One of the great strengths of ACEVO as a membership body is the great diversity of its membership. Perhaps the image you would pick up from the sector media is of an organisation that represents traditional charities but, of course, we range across social enterprise, learned societies, membership organisations, faith groups, trade unions, political parties and community organisations.
Yesterday I was meeting with a number of members whose work is particularly fascinating and important, though not perhaps well known in the wider sector.
I met up with Wilf Stevenson, now Lord Stevenson, who has just been appointed as Chair of the Consumer Credit Counselling Service. This is an incredibly important charity working in Leeds who provide debt restructuring for people whose credit card bills have become a serious problem. They take on the restructuring of these bills and provide an affordable way to repay debt to avoid bailiffs and all the horrors that can sometimes attend such problems.
Apparently something like 100,000 people have credit card debts of £27k and more, and these are from individuals whose earning capacity is putting them at risk. The Service know that they are often underlying mental health issues and are looking at work they can do on this issue, particularly in trying to stop people getting back into a cycle of credit card debit. These are unsung heroes. Read more here.
I then went to dinner in the Lords with one of my members, Dr Julie Madigan, the Chief Executive of the Manufacturing Institute. This is a large charity which exists to promote an appreciation of the importance and value of manufacturing to the country, we well as providing professional development and support.
As Julie says they are a body with a "passionate belief in the future of manufacturing in the UK" and she pointed out that whilst 11% of the UK economy is accounted for by financial services, manufacturing still accounts for 12% yet there is a common misconception that manufacturing is somehow dead in the UK.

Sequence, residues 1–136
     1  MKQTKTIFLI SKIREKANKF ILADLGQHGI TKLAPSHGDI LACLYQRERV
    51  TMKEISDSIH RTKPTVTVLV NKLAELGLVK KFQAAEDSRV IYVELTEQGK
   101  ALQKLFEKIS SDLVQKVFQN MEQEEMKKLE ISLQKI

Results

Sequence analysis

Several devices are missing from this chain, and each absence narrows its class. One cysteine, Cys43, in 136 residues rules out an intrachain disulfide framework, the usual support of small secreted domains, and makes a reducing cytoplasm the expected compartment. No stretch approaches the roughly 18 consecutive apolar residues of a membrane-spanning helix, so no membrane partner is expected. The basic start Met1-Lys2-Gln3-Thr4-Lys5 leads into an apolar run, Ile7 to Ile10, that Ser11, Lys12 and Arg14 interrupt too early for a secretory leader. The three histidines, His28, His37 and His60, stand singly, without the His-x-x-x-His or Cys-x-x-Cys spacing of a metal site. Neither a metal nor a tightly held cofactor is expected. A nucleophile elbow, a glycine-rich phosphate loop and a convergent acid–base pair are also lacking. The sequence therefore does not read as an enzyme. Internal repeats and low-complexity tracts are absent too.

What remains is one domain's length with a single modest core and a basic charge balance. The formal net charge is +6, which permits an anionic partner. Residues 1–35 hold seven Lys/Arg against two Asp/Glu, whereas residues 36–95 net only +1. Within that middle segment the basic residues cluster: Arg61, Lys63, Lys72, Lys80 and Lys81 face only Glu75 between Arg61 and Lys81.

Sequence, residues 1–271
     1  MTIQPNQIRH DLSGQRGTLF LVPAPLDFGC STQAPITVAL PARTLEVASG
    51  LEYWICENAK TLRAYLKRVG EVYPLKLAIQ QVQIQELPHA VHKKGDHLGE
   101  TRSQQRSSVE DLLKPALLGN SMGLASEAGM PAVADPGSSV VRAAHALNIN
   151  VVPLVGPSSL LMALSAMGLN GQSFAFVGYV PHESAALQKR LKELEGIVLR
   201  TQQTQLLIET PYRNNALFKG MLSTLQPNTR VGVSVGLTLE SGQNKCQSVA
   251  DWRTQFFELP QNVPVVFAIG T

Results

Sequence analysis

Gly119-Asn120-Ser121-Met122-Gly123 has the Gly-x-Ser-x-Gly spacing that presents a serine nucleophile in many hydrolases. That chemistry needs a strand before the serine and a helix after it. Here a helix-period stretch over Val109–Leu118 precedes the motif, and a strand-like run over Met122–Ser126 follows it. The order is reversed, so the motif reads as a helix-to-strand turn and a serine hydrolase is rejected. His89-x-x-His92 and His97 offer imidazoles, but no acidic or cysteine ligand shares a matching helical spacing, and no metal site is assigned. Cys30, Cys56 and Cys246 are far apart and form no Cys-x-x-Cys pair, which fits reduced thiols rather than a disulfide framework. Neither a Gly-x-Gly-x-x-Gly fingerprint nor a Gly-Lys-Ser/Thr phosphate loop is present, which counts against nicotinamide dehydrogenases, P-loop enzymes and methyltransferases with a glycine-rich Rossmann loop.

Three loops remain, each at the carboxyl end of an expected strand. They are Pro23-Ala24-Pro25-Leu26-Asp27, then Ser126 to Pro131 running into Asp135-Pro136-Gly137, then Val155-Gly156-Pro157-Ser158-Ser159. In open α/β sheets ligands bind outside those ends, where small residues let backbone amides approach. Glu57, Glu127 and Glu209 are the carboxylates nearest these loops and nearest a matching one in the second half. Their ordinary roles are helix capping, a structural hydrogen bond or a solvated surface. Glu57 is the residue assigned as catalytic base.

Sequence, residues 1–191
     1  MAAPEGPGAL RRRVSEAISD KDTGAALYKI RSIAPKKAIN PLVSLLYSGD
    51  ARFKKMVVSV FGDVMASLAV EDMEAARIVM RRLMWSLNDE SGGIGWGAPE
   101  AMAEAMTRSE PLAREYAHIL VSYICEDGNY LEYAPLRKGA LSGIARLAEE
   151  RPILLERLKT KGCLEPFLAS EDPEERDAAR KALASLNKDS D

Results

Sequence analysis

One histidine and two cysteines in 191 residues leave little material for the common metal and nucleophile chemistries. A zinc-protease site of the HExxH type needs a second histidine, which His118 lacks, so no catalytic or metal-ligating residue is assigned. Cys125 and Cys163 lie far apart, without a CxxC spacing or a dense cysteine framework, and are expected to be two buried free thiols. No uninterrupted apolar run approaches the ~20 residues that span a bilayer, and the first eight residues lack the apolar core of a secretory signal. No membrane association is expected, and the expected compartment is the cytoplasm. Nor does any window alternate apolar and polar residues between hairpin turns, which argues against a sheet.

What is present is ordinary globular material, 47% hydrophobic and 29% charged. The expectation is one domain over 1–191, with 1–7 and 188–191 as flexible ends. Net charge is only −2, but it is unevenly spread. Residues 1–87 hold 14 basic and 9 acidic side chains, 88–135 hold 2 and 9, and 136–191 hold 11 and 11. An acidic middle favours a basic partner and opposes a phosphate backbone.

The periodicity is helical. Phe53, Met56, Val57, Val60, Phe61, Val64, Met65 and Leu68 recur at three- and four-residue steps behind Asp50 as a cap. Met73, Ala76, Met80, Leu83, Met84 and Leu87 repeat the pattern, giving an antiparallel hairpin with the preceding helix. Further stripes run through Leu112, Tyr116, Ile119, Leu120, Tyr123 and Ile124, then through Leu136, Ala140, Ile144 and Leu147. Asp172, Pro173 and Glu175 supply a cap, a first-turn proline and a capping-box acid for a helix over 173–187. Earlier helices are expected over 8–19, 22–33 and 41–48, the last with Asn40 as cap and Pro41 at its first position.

The Institute are based in Manchester and one of the most interesting new developments is a charity they have set up called "Fab Lab". This is something they have developed with Massachusetts Institute of Technology which has developed 55 of these organisations worldwide but the "Fab Lab" in Manchester is the first of its kind in the UK. This allows individuals and communities who have ideas about how to make things the digital technology to do so. They attract young people, entrepreneurs and innovators and local community groups. It gives communities access to advanced equipment and resources that are normally beyond their reach. The exciting thing is that this enables individuals, as opposed to companies, to make things.
So in the early stages they have developed things like "Crackit" - a cross between a cricket bat and tennis racket. A young couple developed and prototyped a collapsible carrycot, which they are now taking to market. Other products developed in the "Fab Lab" have included a medical device, a self-locating keyring, plastic champagne glasses (ugh) and a "simplified clip for holding pop up birthday cards".
We had a presentation on the "Fab Lab" and I have to say it was not only a great learning opportunity, but also a revelation about the work that our sector does. And I was pleased that although the "Fab Lab" is obviously a social enterprise they were proud to describe it as a charity. They didn't have any hang-ups about titles. See more here.
Then this morning was a very pleasant breakfast with Peter Wanless, the Chief Executive of the Big Lottery Fund. We are working with BLF on the Transition Fund and many of my staff have been involved in meetings around the country on this recently. It is a good cooperation.
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